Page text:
Volume 11, Issue 1, 2014
A Journal of Analytic Scholasticism
Are Standard Lawlike Propositions Metaphysically Necessary? Hildebrand vs. Groarke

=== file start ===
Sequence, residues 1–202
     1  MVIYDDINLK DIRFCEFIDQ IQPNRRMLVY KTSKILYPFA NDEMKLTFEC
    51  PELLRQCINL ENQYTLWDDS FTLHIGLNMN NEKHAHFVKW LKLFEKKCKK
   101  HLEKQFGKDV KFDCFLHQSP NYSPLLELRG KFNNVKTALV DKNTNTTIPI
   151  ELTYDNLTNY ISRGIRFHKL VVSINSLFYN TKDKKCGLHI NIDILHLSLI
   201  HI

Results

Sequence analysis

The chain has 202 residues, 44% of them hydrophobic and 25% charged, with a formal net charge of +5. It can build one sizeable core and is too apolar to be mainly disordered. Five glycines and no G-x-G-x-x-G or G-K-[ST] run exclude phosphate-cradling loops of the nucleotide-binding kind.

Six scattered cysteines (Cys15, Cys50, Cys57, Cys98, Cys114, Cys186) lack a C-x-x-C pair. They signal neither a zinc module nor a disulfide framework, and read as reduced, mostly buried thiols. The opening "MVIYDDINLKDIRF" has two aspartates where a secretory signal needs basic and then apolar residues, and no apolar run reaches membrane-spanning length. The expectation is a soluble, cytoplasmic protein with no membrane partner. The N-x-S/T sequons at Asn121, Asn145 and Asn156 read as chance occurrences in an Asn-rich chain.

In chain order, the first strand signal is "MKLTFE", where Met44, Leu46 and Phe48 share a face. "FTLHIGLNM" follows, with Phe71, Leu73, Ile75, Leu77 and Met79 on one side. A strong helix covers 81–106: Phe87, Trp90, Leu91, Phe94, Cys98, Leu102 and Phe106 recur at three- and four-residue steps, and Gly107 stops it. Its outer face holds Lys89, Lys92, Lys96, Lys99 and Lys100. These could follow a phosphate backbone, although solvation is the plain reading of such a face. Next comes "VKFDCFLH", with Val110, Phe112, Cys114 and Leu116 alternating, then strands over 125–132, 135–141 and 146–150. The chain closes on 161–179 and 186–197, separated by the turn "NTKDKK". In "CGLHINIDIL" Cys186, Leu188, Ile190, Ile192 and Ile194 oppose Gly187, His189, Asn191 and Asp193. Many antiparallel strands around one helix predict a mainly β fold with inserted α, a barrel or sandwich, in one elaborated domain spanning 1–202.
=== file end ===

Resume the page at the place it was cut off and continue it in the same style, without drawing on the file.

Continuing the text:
I discuss Dietrich von Hildebrand, a realist phenomenologist, and Louis Groarke, an Aristotelian. They are close in epistemology and modal metaphysics, but divided about the metaphysical necessity of standard lawlike propositions – i.e., standard natural laws and standard truths about natural kinds. I extract and undermine the reasons of both authors. Hildebrand claims that no standard lawlike proposition is metaphysically necessary, since none is in principle knowable solely by considering essences. I undermine this when I argue that the explanation of positive instances of at least some standard lawlike propositions by the metaphysical necessity of these propositions is quite plausibly (though not probably) true. Groarke claims that some standard lawlike propositions are metaphysically necessary, since their positive instances exemplify natural kinds that make all their members necessarily similar in relevant ways. I undermine this, too, as I point out the obscurity of relevant similarity. Finally I argue against Groarke’s suggestion that an appeal to relevant similarity is presupposed in all acceptable inductive arguments from samples.